Manipur village girl Roshibina Devi shines in Asian Games

Back home, her achievement will not be celebrated with fanfare due to ongoing ethnic violence in Manipur

| Updated: 29 September, 2023 4:00 pm IST
From homemade punching bag to Silver Medal: Roshibina Devi's inspirational journey in Wushu

GUWAHATI: Fifteen years ago, a little girl spent her free time punching and kicking at an improvised punching bag she made at her residence at a nondescript village in Manipur’s Bishnupur district. From Kwakshiphai, she moved to Imphal to learn Wushu at the Sports Authority of India (SAI) training centre.

On Thursday, the girl – Naorem Roshibina Devi – clinched a silver medal in the women’s 60-kg Sanda final at the ongoing 19th Asian Games in Hangzhou, China. In the match, she lost to Xiaowi Wu of the host country by 2-0.

Roshibina had hoped to script history by clinching India’s first gold in Wushu at the Asian Games after her terrific performance at the semi-finals defeating Vietnam’s Thi Thu Thuy Ngyugen 2-0, needing only 2 rounds of 2 minutes each.

“I’m happy about my performance but I could have been happier if I would have been the champion and also if the situation in my home state was resolved,” said the aggressive Sanda fighter while interacting with the media after the final bout.

I’ll aim for gold in the next outing, she pledged.

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Nevertheless, Roshibina managed to change the color of medal she won at Jakarta Asiad in 2018 from bronze to silver this time.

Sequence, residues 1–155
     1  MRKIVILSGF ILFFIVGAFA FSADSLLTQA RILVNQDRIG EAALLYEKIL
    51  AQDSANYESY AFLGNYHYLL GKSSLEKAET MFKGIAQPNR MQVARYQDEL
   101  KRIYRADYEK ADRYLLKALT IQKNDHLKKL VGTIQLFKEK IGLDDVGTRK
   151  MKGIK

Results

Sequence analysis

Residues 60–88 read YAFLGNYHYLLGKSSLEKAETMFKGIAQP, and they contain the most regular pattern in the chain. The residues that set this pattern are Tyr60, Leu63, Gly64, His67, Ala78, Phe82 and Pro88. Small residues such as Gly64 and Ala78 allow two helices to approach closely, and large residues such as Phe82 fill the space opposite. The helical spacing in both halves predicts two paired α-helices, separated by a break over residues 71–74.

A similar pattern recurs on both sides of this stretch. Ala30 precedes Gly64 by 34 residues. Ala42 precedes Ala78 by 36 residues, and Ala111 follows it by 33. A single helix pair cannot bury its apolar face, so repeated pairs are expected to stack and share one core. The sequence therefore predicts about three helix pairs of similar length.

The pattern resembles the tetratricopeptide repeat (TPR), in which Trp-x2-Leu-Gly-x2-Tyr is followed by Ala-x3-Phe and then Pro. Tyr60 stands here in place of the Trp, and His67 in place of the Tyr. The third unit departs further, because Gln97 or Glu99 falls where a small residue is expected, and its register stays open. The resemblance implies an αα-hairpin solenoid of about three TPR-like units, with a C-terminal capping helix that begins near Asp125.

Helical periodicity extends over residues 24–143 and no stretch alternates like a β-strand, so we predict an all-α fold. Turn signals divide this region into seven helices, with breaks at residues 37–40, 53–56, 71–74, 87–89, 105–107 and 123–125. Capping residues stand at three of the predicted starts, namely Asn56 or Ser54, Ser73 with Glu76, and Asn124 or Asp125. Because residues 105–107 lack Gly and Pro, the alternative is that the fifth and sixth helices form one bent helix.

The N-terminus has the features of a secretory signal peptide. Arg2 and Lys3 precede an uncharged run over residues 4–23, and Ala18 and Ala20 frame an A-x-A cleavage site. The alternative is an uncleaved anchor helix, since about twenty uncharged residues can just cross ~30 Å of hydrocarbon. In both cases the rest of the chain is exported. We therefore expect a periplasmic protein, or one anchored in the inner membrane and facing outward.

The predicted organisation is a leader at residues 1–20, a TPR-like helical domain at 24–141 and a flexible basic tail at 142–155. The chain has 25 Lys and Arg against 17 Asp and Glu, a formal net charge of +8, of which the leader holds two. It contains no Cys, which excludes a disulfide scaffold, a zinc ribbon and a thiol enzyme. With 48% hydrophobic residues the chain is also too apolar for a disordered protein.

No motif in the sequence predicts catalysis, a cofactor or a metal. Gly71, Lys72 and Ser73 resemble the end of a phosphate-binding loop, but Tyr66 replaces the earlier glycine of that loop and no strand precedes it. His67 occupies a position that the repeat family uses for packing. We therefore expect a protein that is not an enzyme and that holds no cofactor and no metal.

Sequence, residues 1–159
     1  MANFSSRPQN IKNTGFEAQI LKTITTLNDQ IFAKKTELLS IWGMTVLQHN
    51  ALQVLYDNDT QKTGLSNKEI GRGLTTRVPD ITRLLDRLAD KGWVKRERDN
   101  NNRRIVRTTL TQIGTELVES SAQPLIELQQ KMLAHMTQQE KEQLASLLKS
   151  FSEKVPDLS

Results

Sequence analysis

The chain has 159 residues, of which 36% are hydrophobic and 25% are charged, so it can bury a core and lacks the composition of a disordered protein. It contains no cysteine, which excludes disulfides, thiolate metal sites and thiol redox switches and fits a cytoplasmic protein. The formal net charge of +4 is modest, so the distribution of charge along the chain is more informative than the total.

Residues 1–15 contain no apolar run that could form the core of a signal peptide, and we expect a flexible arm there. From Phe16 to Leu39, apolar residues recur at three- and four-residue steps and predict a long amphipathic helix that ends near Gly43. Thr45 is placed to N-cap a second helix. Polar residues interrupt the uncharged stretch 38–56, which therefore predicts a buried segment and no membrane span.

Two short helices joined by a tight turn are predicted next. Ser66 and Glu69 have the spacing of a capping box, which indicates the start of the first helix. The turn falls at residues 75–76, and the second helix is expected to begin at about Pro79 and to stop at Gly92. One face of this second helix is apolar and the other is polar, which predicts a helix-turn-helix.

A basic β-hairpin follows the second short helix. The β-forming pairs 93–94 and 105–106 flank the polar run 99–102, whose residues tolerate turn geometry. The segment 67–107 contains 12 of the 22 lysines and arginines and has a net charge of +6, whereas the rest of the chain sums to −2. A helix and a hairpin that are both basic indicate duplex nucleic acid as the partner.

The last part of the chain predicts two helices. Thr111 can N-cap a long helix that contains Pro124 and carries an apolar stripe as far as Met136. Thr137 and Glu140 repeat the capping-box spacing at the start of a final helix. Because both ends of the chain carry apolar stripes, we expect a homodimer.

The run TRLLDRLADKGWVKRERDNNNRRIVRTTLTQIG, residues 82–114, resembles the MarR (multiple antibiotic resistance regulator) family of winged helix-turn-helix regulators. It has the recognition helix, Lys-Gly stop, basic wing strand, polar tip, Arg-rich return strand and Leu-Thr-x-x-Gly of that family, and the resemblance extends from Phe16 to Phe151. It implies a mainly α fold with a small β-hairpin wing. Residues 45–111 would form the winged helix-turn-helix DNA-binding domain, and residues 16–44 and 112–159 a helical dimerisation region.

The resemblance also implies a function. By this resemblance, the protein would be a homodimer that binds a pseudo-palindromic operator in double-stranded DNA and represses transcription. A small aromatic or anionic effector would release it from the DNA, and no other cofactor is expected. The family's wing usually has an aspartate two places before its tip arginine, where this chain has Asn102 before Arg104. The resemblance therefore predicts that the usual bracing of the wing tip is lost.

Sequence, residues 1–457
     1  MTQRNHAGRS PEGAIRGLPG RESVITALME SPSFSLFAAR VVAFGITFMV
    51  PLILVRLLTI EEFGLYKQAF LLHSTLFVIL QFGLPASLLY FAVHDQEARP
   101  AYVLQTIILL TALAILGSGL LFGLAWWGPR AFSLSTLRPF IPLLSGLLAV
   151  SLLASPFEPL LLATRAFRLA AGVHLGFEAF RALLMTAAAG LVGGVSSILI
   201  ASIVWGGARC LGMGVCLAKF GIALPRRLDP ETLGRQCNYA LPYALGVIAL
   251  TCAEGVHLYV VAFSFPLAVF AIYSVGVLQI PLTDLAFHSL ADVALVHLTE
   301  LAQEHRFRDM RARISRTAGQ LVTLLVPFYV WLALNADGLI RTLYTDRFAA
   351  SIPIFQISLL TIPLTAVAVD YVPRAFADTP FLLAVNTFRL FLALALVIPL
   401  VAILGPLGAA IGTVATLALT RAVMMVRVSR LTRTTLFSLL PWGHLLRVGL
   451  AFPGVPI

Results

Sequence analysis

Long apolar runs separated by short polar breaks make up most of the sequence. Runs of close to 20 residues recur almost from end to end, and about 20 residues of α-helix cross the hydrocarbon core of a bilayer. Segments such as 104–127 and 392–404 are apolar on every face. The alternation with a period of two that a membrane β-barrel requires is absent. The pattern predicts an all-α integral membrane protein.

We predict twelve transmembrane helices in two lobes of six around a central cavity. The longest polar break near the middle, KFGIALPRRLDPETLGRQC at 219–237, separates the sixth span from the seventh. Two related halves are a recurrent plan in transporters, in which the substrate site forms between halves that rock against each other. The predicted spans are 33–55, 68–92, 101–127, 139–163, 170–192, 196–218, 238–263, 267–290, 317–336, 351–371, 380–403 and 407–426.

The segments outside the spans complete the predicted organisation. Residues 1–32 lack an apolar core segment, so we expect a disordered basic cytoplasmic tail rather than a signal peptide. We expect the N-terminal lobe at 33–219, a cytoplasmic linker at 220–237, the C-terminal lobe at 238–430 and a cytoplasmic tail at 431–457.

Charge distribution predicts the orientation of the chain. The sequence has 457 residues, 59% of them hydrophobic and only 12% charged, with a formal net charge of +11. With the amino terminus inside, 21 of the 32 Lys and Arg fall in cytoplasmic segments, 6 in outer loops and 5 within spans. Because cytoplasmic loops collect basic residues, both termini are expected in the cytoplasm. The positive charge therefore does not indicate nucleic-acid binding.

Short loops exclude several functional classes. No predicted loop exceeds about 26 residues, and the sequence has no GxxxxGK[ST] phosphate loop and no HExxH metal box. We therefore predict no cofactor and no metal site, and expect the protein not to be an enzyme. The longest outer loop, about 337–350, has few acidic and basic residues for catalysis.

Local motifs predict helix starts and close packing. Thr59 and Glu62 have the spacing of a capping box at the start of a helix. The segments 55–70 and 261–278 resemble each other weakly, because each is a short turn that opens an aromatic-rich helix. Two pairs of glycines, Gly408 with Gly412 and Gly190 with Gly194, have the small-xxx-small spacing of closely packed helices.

“For all of us in our small family and village, we are all happy as my daughter bagged a silver medal today,” Naorem Damu Singh, father of Roshibina said.

Soon after he heard the news, he somehow managed to call her on WhatsApp from a house where the internet is accessible, said Damu, an ordinary cultivator.

“During our short conversation, my daughter was not in her highest happiness mood as she said she was expecting a gold medal in the final match. I, however, asked her not to lose heart, and encouraged her to grab first position in the upcoming international competitions,” Damu added.

He added that Roshibina (22) has already been selected to vie for an international Wushu championship to be held in the USA in November this year.

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Recapitulating Roshibina’s deep passion for Wushu, Damu said when she was just 7 years old she collected tattered clothes and made a punch back which punched and kicked frantically all the time.

“Noticing her zeal, Wushu champion Malemnganbi Devi from our locality began teaching her the game. Another Wushu coach, M Ronel Singh from Nachou, our neighboring village, also taught her for a short period of time,” Damu continued.

Later Roshibina was sent to SAI training centre in Imphal to get formal Wushu training under coach M Premkumar. She is currently pursuing her BA first year at CI College in the district.

The family, however, has opted for a low-profile event to celebrate Roshibina’s spectacular achievement due to ongoing ethnic violence in the state. “We are not going for fanfare,” said her father.

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